First spotted by Gizmodo, the video shows a miraculous bot that assembles nigiri, the traditional type of sushi in which a piece of raw fish sits on a little ball of rice.
Read the rest of this entry »
Posted: August 10, 2016 Filed under: Guns and Gadgets, Mediasphere, Robotics, Science & Technology, War Room | Tags: 1st Brigade Combat Team, 25th Infantry Division (United States), Artificial Intelligence, Future, Heavy machine gun, iPhone, Robot, United States Army, Zero–sum game
Jennings Brown reports: A recent glimpse at the future of robotic warfare proves tank robots aren’t ready for the battlefield just yet—but soldiers are enthusiastic about tiny drones that can be mistaken for birds.
“We need to be making sure we’re fielding new technology as quickly as we can. It doesn’t do any good if we’re just investing in great technology if we don’t actually get it into the field for soldiers.”
— Secretary of the Army Eric Fanning
Unites States soldiers based in Hawaii spent half of last month testing out cutting-edge robotic prototypes in exercises as a part of Pacific Manned-Unmanned Initiative (PACMAN-I). Members of the 25th Infantry Division controlled air and land drones to determine what technology could actually benefit soldiers. It was the third time in history human that soldiers have collaborated with robot counterparts in a simulated war zone.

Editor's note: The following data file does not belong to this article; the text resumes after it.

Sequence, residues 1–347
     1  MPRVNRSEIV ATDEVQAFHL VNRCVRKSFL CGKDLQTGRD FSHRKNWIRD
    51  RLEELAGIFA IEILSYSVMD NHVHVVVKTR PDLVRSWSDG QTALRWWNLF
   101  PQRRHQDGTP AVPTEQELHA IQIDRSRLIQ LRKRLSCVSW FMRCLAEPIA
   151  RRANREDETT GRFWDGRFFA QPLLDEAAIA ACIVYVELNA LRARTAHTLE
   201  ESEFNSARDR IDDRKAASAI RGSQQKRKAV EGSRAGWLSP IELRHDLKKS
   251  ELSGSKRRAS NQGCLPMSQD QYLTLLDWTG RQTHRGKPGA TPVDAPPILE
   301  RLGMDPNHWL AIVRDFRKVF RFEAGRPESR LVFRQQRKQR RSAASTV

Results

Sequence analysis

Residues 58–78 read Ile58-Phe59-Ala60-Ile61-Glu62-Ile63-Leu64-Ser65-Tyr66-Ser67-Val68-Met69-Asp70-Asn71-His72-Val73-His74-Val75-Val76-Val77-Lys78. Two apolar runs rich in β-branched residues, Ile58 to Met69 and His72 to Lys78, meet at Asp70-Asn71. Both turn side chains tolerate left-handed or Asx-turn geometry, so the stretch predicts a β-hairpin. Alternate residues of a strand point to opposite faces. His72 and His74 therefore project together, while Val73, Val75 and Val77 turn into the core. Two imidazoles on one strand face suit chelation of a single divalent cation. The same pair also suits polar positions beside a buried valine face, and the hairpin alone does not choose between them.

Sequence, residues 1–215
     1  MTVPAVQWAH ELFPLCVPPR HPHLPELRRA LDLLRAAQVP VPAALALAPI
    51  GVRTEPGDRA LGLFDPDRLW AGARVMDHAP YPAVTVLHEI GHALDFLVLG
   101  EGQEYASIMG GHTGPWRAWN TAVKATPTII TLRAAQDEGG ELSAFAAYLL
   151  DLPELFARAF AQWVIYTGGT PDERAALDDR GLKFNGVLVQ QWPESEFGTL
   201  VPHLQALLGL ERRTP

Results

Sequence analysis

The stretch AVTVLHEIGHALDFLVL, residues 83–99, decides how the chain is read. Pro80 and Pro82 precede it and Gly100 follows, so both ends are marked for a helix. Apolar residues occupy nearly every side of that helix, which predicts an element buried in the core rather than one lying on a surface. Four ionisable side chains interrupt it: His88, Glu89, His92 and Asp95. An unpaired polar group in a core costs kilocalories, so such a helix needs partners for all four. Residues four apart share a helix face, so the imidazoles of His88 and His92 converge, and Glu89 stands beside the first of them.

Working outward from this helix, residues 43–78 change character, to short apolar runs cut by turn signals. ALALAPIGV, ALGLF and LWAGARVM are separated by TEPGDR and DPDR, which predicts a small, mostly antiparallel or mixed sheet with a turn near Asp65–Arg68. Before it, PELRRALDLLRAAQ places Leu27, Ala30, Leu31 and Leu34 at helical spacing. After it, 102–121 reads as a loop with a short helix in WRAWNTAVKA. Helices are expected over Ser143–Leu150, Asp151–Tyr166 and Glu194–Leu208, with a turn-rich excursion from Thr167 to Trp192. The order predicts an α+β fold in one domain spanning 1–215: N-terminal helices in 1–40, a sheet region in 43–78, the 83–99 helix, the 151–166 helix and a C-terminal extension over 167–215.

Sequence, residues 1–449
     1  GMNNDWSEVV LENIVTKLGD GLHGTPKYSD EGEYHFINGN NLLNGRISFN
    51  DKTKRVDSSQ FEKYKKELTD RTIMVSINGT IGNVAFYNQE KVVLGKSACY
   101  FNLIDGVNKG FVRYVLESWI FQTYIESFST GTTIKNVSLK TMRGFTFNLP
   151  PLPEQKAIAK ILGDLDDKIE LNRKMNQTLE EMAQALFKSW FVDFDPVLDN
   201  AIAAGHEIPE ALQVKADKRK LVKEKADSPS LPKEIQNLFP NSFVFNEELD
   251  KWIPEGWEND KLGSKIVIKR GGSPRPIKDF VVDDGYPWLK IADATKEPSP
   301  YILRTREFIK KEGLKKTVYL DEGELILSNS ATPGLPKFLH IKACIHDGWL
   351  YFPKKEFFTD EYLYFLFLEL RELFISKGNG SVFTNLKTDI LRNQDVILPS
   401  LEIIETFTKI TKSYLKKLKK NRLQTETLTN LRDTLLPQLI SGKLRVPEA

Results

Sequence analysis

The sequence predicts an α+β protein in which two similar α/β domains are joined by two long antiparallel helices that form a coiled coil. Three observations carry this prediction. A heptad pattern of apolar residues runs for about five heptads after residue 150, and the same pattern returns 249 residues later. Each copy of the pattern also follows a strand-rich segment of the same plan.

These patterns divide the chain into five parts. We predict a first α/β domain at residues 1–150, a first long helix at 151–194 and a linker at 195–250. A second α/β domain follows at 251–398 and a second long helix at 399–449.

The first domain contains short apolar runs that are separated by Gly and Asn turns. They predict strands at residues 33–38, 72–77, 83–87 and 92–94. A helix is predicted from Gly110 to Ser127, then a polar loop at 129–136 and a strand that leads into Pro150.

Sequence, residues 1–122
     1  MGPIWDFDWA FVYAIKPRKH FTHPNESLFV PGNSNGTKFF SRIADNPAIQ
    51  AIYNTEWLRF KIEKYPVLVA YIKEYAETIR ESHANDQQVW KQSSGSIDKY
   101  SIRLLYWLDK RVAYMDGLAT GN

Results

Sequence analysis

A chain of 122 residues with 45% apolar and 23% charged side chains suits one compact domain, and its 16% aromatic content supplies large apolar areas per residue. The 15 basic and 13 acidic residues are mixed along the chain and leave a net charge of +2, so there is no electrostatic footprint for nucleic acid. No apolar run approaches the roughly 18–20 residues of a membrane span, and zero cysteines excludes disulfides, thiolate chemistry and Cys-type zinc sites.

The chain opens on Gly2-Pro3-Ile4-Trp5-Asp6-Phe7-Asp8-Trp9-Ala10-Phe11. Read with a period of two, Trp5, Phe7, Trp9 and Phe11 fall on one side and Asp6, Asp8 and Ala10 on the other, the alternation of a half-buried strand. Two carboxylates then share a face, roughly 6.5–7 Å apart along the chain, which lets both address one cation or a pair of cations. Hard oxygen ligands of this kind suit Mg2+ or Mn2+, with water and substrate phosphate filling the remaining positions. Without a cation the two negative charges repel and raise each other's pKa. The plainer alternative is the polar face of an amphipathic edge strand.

Secretary of the Army Eric Fanning visited the exercise on July 26, a sign of the interest the Army is taking in the battlefield applications of unmanned vehicles. “We need to be making sure we’re fielding new technology as quickly as we can,” Fanning said, in a statement. “It doesn’t do any good if we’re just investing in great technology if we don’t actually get it into the field for soldiers.” Read the rest of this entry »
Posted: July 8, 2016 Filed under: Crime & Corruption, Guns and Gadgets, Robotics | Tags: Artificial Intelligence, Computer program, Georgia Institute of Technology, Mike Rawlings, Police officer, Robot, Robotics
Erik Ortiz reports: Police in Dallas used a robot with an explosive device to kill a suspect involved in a coordinated ambush against officers.